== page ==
Developer Guide

Contents

Pipelining Loops in Non-task Kernels (
-Xsauto-pipeline
)

To direct the
Intel® oneAPI
DPC++/C++
Compiler
to compile your design and pipeline loops in non-task (
parallel_for
) kernels, include the
-Xsauto-pipeline
option in your
dpcpp
command. The host program invokes non-task kernels through the kernel execution function
parallel_for
,
parallel_for_work_item
, or
parallel_for_work_group
.
Example
dpcpp -fintelfpga –Xshardware -Xsauto-pipeline <source_file>.cpp
With the
-Xsauto-pipeline
option, the compiler attempts to pipeline the loops in your design, but the pipelining is not guaranteed. If you do not include the
-Xsauto-pipeline
option, the compiler does not pipeline the loops in
parallel_for
kernels. However, it executes different work items in parallel.
The
-Xsauto-pipeline
option might improve or degrade performance depending on the memory access pattern in your design.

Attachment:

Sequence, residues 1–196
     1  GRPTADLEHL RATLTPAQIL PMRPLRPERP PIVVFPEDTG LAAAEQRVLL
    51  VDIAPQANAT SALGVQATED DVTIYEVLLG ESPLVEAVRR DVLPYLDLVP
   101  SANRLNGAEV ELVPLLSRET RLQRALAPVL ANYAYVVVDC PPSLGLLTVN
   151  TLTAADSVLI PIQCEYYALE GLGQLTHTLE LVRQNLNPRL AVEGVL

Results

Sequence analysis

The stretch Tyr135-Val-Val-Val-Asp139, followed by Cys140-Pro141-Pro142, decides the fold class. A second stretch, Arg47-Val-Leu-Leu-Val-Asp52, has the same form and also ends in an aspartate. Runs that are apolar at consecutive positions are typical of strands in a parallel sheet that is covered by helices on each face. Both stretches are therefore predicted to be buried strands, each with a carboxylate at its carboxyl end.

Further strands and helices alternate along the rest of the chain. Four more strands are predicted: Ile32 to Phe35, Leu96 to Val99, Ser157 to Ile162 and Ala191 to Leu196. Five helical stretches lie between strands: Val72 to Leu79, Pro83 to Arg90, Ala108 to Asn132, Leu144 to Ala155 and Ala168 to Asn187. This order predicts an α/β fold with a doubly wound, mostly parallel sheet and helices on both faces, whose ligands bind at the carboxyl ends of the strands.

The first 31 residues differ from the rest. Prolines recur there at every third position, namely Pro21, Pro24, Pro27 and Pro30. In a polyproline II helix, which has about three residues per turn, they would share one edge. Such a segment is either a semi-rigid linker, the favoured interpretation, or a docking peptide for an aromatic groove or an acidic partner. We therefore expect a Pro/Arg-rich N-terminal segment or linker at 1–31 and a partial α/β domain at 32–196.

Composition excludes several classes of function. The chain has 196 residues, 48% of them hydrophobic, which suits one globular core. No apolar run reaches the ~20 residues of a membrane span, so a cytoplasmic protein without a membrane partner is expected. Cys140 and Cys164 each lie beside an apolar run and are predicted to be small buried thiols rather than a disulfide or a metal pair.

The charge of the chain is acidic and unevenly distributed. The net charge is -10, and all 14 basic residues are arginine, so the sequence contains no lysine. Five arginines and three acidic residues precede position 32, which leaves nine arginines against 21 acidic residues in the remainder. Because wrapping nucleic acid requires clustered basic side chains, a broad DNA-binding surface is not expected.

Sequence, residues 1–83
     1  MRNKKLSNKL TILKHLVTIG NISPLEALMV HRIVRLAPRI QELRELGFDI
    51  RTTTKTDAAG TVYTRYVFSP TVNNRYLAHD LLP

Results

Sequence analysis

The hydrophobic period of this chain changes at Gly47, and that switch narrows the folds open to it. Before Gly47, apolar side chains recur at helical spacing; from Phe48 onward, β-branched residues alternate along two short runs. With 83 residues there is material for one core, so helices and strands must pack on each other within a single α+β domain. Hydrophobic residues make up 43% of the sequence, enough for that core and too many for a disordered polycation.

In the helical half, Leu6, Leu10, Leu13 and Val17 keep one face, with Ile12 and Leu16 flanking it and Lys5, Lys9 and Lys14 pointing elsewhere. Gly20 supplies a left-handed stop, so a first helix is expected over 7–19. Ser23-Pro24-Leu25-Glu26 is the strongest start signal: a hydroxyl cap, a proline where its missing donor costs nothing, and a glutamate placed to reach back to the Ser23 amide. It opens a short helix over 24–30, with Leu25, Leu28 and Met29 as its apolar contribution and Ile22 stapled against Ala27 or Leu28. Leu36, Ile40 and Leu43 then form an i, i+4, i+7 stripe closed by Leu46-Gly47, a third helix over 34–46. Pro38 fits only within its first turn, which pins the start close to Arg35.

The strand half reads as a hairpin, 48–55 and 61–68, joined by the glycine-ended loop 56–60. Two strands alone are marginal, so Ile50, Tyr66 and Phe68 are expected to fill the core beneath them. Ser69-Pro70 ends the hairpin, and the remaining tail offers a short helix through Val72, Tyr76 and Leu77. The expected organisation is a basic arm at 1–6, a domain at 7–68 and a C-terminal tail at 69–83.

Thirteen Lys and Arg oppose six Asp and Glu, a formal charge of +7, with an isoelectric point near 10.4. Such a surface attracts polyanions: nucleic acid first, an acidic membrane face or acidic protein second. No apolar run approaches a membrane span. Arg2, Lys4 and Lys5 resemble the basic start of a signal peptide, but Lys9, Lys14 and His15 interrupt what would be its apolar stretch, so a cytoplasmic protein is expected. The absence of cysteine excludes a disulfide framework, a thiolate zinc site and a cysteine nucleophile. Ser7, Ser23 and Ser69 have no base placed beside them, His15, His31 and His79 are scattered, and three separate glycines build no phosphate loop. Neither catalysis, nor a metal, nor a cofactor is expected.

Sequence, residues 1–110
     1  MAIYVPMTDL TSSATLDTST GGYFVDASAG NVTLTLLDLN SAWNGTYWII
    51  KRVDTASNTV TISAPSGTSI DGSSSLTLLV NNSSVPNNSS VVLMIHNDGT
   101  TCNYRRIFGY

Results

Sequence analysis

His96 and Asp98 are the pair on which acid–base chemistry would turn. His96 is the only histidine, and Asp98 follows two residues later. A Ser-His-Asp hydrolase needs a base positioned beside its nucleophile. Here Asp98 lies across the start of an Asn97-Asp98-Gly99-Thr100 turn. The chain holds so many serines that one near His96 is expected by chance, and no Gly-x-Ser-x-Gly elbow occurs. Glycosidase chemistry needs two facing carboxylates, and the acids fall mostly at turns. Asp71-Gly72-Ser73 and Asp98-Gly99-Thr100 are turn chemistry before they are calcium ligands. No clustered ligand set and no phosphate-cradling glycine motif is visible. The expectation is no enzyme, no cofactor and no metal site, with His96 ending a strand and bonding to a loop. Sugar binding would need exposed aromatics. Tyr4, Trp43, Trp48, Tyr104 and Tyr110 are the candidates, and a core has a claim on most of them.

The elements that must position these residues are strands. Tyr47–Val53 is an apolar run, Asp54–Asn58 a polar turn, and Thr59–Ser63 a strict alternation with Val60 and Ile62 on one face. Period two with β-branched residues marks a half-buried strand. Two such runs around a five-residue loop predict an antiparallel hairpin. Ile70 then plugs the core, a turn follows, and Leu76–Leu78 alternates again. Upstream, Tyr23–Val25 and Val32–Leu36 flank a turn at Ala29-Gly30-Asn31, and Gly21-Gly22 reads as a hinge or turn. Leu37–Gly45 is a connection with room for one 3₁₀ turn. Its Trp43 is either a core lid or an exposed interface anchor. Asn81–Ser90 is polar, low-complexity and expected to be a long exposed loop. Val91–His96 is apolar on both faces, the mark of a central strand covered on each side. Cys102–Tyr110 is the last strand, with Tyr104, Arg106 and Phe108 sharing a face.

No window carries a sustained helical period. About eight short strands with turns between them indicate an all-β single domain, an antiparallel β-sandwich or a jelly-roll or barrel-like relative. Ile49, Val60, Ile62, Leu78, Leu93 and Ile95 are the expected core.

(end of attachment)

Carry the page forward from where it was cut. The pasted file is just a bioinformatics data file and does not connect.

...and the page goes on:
• If the auto-pipelining is successful, the Loop Analysis report displays the message
    Auto-pipelined parallel_for
    and
    parallel_for rewritten as a pipelined single_task
    (Details pane) . The compiler-generated loops appear marked as
    Compiler generated auto-pipeline loop
    in the report.
  • If the compiler chooses not to auto-pipeline the loops, the Loop Analysis report displays a message for the kernel. The reasons for not auto-pipelining a loop can be one of the following:
    • A barrier in the function is not at the top-level function scope.
    • Kernel uses a local or private memory.
    • Kernel uses a volatile or atomic memory, or channels.
If you do not want the compiler to pipeline some infrequently used loops while allowing other loops to be auto-pipelined, use the
[[intel::disable_loop_pipelining]]
loop directive on specific loops when using the
-Xsauto-pipeline
option. This loop directive disables the loop pipelining.

Product and Performance Information

1

Performance varies by use, configuration and other factors. Learn more at www.Intel.com/PerformanceIndex.